Senior Trey VanAken researched a process to remove gluten from beer. Trey VanAken | Courtesy

More than 18 million Amer­icans are gluten-sen­sitive, according to a study pub­lished in Digestion mag­azine. These Amer­icans are forced to avoid foods con­taining the pro­teins found in grains such as breads and pastas.

Senior bio­chem­istry major Trey VanAken spent his summer researching a process which would remove gluten from the beer, so that those with celiac disease and other gluten intol­er­ances or sen­si­tiv­ities could enjoy the grain-based bev­erage.

“What we wanted to do was see if we could brew a beer that was essen­tially gluten-free, but that also tasted and smelled the same as a normal beer would,” VanAken said. “The other beers that are gluten-free don’t really seem to taste the same.”

As part of his research, VanAken, with the help of his research adviser Asso­ciate Pro­fessor of Chem­istry Christopher Hamilton, brewed 10 dif­ferent American-style pale ales mod­ified with various amounts of grain. In half of these batches, VanAken added the enzyme prolyl endopep­tidase, which is known to break down pro­teins similar to gliadin, the protein in gluten that causes issues for people with gluten sen­si­tiv­ities.

After three weeks of fer­men­tation, each of the batches was tested for gluten content. Of the five beers from which VanAken attempted to remove the gluten, two of the beers con­tained less than 20 parts per million, which is the Food and Drug Administration’s threshold for a product to be con­sidered gluten-free— making the beer effec­tively gluten-free.

The FDA requires the gluten-free beers cur­rently on the market to be marked as “brewed to remove gluten,” rather than “gluten-free.”

All of the beers were then tested by various members of the faculty and student body. These taste testers took part in a tri­angle test, in which they were pre­sented with three of VanAken’s beers. Assistant Pro­fessor of Chem­istry Courtney Meyet, who was one of the taste testers, said they looked at the overall appearance, aroma, and taste of the beers, and were asked if they could identify if one was gluten-free, and if so, which one.

“I thought he did a great job,” said Meyet, who brews her own beer with her husband. “I would’ve drank a whole beer. A couple of them were dif­ficult to tell apart. I would say that they were indis­tin­guishable. In a couple of them you could see the difference…but for the most part I thought he did a really great job. I’m not even sure if I got them right.”

VanAken is the third student in recent years to work in-depth with Hamilton on brewing gluten-free beers. Hamilton, who started brewing his own beer about seven years ago, said the project has gotten more intensive as time goes on, with each student focusing on a dif­ferent variable.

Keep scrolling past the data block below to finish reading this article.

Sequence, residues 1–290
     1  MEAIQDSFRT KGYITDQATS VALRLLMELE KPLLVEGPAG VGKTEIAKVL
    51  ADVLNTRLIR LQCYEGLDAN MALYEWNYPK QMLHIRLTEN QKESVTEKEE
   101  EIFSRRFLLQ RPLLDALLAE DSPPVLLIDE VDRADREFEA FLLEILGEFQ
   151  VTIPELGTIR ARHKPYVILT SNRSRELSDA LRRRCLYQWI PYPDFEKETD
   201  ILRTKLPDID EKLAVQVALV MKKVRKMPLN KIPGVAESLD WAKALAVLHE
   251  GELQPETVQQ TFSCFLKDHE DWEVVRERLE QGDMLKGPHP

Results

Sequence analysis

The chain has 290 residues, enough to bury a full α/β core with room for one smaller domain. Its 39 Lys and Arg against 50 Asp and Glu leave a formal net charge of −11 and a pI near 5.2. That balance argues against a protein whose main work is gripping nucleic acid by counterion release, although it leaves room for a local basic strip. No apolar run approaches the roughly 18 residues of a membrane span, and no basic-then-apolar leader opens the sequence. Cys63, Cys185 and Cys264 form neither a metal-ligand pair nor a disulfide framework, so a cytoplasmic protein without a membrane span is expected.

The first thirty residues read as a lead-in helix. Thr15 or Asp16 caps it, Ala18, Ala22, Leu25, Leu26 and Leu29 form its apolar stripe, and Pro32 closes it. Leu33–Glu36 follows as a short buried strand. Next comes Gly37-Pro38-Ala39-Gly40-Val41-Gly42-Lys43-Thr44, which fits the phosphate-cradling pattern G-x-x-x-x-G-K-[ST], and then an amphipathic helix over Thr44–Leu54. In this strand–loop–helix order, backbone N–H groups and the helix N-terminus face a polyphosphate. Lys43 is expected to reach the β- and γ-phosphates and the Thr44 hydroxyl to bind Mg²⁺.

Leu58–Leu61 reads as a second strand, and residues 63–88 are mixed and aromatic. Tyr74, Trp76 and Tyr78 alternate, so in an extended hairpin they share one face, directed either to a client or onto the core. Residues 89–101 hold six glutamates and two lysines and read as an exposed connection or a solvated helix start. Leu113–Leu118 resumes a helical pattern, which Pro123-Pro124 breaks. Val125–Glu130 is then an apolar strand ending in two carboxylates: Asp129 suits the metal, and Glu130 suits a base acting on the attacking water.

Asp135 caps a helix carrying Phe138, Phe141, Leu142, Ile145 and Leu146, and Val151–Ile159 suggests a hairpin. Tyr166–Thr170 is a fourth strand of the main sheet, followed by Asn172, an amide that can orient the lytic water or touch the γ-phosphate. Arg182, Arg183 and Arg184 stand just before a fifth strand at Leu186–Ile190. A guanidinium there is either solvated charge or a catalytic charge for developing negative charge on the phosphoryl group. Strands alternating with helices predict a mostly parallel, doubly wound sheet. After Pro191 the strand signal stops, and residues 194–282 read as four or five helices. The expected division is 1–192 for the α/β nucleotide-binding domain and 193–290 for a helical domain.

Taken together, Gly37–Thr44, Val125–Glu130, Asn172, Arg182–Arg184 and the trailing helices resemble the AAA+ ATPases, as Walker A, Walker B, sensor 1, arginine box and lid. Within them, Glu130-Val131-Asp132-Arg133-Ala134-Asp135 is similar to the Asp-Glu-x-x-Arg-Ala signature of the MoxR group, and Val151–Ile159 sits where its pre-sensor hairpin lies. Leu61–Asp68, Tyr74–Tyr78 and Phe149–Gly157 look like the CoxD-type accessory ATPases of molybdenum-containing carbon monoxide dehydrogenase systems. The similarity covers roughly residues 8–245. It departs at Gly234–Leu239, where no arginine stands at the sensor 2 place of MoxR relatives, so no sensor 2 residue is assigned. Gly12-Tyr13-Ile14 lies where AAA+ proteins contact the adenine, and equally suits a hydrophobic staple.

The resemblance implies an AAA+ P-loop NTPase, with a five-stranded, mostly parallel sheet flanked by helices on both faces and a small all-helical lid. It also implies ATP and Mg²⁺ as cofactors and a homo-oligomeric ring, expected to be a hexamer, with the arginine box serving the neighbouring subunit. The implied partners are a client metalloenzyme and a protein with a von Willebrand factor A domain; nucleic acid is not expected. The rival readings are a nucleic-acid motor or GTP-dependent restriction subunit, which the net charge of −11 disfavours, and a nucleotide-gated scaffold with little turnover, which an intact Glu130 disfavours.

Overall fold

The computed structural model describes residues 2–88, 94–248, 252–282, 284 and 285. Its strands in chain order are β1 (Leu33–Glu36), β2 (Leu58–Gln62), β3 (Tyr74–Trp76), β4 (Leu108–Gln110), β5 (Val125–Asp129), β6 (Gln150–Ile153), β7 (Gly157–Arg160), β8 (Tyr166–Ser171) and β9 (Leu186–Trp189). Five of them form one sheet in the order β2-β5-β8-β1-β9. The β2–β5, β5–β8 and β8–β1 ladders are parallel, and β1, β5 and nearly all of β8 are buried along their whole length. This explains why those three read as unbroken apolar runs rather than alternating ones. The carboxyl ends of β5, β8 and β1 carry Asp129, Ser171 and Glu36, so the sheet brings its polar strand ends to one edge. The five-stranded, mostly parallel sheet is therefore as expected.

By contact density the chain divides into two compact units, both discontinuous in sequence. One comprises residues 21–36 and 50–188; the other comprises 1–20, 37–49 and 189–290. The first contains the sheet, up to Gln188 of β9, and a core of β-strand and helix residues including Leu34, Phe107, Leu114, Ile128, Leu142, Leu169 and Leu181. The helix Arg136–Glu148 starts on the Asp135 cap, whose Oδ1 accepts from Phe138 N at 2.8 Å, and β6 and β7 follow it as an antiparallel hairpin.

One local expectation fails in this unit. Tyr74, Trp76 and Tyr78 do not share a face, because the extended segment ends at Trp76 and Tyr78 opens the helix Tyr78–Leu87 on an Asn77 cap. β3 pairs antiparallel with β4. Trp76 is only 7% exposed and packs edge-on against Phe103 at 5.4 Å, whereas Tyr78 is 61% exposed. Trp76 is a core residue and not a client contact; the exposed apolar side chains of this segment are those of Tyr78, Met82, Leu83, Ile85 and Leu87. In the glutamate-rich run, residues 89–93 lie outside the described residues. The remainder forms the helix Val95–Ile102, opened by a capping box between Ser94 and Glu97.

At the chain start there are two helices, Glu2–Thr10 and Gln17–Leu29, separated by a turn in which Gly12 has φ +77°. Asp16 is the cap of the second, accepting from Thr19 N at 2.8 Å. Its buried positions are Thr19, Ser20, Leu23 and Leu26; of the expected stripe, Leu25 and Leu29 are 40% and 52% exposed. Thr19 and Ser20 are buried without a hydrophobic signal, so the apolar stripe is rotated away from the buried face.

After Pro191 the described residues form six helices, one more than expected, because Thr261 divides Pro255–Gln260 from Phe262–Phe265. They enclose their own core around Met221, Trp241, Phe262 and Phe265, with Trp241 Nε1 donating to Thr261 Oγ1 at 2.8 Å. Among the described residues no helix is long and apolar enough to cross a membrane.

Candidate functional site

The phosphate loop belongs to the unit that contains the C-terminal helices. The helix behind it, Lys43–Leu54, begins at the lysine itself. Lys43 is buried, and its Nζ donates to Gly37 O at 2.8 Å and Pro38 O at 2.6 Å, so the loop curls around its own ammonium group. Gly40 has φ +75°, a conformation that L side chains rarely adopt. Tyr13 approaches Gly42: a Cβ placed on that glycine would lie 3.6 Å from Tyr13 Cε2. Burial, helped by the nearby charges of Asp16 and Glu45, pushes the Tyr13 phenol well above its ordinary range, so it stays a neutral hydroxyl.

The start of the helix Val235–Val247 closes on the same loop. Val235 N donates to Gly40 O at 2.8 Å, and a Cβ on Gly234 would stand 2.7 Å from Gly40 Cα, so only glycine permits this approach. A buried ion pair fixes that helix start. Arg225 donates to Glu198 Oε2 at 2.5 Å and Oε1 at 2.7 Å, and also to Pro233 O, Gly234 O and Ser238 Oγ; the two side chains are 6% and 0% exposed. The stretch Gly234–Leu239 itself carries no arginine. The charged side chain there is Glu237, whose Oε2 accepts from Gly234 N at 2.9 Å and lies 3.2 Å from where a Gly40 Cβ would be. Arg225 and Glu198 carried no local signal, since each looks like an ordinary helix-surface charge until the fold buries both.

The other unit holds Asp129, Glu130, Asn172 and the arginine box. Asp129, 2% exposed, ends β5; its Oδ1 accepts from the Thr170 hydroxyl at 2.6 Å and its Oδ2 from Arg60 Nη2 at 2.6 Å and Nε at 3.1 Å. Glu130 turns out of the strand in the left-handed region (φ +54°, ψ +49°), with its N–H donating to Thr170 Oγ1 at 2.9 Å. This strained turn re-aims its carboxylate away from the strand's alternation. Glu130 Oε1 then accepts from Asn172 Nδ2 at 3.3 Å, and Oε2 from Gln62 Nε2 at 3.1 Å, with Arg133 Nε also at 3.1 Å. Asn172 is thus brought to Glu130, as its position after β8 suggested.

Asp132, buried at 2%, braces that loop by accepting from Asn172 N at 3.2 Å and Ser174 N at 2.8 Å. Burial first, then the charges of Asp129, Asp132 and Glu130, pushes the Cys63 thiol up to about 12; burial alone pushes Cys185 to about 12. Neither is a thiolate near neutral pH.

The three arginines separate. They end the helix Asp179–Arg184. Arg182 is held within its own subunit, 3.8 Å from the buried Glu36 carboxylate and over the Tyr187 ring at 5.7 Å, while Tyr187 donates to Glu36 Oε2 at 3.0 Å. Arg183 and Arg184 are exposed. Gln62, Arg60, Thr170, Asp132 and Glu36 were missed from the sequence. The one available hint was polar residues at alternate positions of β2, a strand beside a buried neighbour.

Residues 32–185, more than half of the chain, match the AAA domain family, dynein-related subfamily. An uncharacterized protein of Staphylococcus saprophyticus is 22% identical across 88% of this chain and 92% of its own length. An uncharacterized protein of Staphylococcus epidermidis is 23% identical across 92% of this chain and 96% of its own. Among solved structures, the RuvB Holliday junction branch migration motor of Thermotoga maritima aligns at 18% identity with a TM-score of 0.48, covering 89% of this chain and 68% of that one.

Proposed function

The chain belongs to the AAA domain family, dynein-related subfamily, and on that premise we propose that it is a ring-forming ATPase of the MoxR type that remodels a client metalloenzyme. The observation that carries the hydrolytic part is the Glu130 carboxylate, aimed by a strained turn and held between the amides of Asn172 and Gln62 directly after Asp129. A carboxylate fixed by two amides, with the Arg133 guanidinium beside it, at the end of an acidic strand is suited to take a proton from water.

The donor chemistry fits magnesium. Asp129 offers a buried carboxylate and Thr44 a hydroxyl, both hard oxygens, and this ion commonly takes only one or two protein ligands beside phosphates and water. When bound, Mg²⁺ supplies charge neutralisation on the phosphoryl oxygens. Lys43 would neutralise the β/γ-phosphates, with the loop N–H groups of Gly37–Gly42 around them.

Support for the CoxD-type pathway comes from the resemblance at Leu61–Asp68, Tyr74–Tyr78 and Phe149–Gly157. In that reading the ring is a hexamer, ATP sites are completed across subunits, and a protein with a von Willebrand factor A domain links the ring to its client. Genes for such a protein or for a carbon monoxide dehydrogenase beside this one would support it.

VanAken’s par­ticular variable was the overall protein content in the beers.

“At the beginning, when I was brewing the beers, I added various amounts of grains, which varied the protein con­tents in the beer,” VanAken said. “I wanted to see how a varied amount of protein content would affect the enzyme within the beer.”

After brewing all of the beer, VanAken tested each sample for the overall gluten content, using a com­pet­itive ELISA analysis, in which anti­bodies added to the beer bind to any gliadin present in the beer.

The most mem­o­rable part of the process for VanAken came at the beginning of the ELISA analysis, when he was preparing the samples for the final test. In adding chem­icals to the beer, before pouring them into the plates, he was able to see a color change in some of the beers, indi­cating very low levels of gluten.

“That was pretty cool for me, because it was like, ‘Hey, we’ve actually done this. We’ve actually achieved a gluten-free beer,’” VanAken said. “And at that point it was only a ‘pos­sible’ by just looking at the color, but it was awesome to see the results of your work in front of you with just a couple of drops of a chemical.”

Hamilton said he plans to con­tinue the research and said there are a number of dif­ferent vari­ables that could be tested next, such as using dif­ferent yeasts in the brewing process.

Although the official description of the job called for 40 hours a week from VanAken, he typ­i­cally spent closer to 50 or 55 hours a week on the project, as brewing beer requires par­ticular care and pre­cision.

“Obvi­ously it’s a little labor-intensive and a little dif­ferent than a tra­di­tional bio­chem­istry project, but it is fun,” Hamilton said.

Not only did VanAken learn to brew beer — a hobby he said he would like to con­tinue in the future — he also said the research was grat­i­fying on a per­sonal level.

“It’s nice knowing that there is a purpose for what you’re doing,” VanAken said. “I know that what I’ve done is no huge con­tri­bution, and is by no means going to cure world hunger or some­thing like that, but it’s a small step, and it does raise awareness for the cause. I’ve actually had people reach out to me about this and getting articles out about the cause is more than I even expected out of this.”